Making the decision to try a yoga class is a huge first step. But where do you go from there? A quick search of yoga classes and studios in your area may reveal that there are many types of yoga to choose from. Use this guide to learn about the most common yoga practices to decide which class you might enjoy the most. Or go ahead and try them all.
If you want to practice yoga to sweat and get a full-body workout, this class might be for you. Vinyasa is all about movement and a quick succession of poses. Even though there is quite a bit of variety in poses, there is still much intention behind everything you do (rinsing out the organs, aligning limbs properly, strengthening the core). This class is often done to music and has you repeating sequences of vigorous poses with a lot of core exercises thrown in there (such as the famous body-burning chaturanga). I have been to more than one Vinyasa class where the instructor has the group jam out to a Rihanna remix. It is easy to loose yourself in the fluidity of this practice and you will walk out feeling refreshed and invigorated. If you are looking for classes of similar physical challenge, check out an Ashtanga yoga class as well.
Hatha yoga really isn’t a particular style of yoga as it is more an all-encompassing yoga of many types. It is what all yoga is derived from and thus has a very rich history dating back to its Hindi beginnings hundreds of years ago. You will see many classes denoted as “Hatha yoga” and this usually indicates a mere beginner class. It is ideal for new yogis because it is where you’ll learn the basics: poses, terminology, breathing techniques and the like. Also, you gotta love the meaning behind the name Hatha: ‘Ha’ is sun and ‘Tha’ is moon in Sanskrit. Get down to the studio and find your inner yin and yang with this beginner-friendly practice.
Get ready for a workout unlike any other. Bikram is an intense type of yoga in a room heated to 105 degrees to promote flexibility and deepness of poses. It is very set in tradition and is a series of 26 postures and breathing exercises developed by Bikram Choudhury. This class is done sans music but with constant cues and direction from the instructor. The purpose behind this class and the unwavering series of postures is to work every part of the body: organs, muscles, veins, and tendons. The heat adds another level to this already rigorous practice, so hydrate yourself like crazy before (and after) your class and get ready to detox.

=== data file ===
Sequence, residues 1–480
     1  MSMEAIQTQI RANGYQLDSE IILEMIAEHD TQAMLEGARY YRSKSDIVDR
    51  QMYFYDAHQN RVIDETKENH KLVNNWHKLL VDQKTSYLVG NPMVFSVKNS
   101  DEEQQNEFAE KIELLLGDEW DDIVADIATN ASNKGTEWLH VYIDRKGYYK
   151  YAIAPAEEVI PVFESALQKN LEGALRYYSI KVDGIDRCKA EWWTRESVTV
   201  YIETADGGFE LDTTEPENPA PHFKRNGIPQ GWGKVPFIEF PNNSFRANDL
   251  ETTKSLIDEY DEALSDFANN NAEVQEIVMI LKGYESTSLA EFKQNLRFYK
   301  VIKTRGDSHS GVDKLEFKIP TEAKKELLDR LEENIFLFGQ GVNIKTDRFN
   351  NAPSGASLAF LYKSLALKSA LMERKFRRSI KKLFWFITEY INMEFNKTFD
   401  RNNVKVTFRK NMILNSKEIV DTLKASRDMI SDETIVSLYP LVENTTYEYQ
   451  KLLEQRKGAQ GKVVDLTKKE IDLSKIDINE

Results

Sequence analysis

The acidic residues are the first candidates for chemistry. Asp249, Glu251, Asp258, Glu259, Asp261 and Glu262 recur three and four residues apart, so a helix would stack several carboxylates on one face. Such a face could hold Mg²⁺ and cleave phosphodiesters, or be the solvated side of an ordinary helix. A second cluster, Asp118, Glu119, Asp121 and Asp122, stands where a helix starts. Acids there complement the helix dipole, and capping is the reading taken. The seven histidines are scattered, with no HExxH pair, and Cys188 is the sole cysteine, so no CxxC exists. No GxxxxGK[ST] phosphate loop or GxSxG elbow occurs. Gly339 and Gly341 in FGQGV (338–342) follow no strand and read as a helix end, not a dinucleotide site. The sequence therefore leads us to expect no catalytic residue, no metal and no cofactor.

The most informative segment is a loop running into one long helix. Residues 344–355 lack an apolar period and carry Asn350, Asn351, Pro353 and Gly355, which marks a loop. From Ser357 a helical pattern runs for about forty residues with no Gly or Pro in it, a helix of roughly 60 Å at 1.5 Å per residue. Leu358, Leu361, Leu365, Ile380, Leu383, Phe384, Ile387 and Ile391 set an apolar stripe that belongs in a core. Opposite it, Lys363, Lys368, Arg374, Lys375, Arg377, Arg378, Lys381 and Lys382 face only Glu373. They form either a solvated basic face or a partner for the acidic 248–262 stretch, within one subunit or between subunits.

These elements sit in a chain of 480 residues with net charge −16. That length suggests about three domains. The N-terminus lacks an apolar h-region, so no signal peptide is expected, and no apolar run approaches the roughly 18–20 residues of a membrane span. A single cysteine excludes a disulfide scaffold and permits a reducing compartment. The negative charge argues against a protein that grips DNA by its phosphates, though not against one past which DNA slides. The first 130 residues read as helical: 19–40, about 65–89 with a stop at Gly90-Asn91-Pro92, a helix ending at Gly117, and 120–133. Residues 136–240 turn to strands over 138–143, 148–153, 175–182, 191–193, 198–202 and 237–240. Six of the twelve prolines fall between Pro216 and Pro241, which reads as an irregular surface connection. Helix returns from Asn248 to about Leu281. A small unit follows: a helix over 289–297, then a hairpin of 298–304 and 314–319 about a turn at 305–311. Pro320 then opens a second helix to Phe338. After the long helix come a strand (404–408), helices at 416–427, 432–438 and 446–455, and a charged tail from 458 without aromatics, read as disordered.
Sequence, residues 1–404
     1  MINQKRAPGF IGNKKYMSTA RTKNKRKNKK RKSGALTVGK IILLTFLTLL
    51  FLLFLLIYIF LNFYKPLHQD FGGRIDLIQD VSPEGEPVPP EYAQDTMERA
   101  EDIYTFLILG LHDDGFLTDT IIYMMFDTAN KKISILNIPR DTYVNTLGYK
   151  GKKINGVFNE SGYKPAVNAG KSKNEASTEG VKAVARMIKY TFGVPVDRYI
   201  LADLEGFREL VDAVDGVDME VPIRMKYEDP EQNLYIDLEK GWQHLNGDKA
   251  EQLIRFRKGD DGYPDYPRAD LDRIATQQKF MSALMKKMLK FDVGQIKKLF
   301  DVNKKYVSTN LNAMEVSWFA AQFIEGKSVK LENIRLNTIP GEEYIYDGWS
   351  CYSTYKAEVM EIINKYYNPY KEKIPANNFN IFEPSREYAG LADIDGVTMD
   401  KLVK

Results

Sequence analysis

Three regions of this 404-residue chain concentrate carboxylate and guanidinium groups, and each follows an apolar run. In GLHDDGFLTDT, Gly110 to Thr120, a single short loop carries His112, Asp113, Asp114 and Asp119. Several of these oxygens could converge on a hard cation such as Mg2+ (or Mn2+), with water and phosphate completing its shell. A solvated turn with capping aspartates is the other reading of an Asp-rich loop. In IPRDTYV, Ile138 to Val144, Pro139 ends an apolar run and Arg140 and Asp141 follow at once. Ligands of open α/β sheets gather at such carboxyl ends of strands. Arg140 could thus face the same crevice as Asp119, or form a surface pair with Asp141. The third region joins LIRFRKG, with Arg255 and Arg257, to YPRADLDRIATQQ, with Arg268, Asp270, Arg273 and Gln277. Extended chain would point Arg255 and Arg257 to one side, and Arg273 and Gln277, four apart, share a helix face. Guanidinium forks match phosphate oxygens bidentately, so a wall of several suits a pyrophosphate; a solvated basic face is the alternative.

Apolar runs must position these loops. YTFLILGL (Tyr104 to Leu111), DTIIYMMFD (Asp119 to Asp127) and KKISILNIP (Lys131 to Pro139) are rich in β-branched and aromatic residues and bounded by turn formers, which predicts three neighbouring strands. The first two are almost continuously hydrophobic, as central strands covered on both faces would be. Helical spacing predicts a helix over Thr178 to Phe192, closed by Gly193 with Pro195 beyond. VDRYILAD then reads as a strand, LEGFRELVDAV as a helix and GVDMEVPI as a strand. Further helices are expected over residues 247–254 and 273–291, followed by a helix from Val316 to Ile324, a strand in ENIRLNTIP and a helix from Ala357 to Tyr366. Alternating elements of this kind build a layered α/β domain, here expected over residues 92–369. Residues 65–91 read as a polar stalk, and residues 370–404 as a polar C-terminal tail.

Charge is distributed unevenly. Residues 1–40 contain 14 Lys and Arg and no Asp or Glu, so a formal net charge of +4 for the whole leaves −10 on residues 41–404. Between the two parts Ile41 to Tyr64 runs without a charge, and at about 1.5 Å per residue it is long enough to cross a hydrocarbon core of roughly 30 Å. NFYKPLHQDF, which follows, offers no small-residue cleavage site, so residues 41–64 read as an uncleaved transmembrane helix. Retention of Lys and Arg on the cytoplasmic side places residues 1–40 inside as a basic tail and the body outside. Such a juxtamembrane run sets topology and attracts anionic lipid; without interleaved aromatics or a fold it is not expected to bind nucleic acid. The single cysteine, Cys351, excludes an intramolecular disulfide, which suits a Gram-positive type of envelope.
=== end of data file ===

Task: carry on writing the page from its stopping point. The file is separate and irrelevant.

Looking to relax and unwind? Take a Yin yoga class. Better yet, take a Yin yoga class before bedtime or after a stressful day at work. This dreamy practice will surely help entice you into a deep sleep or relieve your mind of the stressors of the day. This type of yoga is restorative and all about making the individual feel refreshed and renewed. Each pose is held for an extended period of time (usually around 5 minutes). The instructor soothingly walks you through how you should be feeling, what you should be feeling, and how to deepen yourself into each pose. This class is usually set to calming music in a dimly or candle-lit room. Props often include blankets, blocks, yoga pillows, and stretching straps to create comfort and deepen postures.
What to bring: Some classes require props such as blankets or blocks, but almost always the studio will provide these. Even if you don’t have a yoga mat yet, this is something that you will usually be able to rent at a studio. Wear comfortable clothing that is easy to move in. If you are trying a Bikram or a heated class, shorts, very lightweight clothing or moisture-wicking clothing is a smart choice because you will be sweating, A LOT. Bringing a towel to these heated classes is also a must. And remember your water bottle!
Instructor adjustments: In many yoga classes, the instructor will come around the room and make modifications to your poses. This can be very helpful in making sure your body is aligned the correct way in a pose and that you are getting the maximum benefit out of it. However, if you are not feeling like being adjusted or touched that day, simply let the instructor know beforehand. Depending on what class you are attending, many instructors walk around the room at the end of practice while you are in your final resting pose, Savasana, and give adjustments to help you sink into the pose or even mini face massages (which can feel amazing). But again, let the instructor know if you’d rather not be adjusted that class.
Class cost and memberships: The cost of yoga classes varies greatly. Some studios are donation-based where there is a suggested class price. Most studios will offer some sort of membership where you get a reduced rate if you pay each month as opposed to just doing drop-in classes. Keep in mind that many studios offer one class or one week free for newcomers. If you are still unsure of which type of yoga to try, take a few different classes at different studios utilizing those free first-time classes. This way you can see which studio and type of yoga resonates with you while not breaking the bank.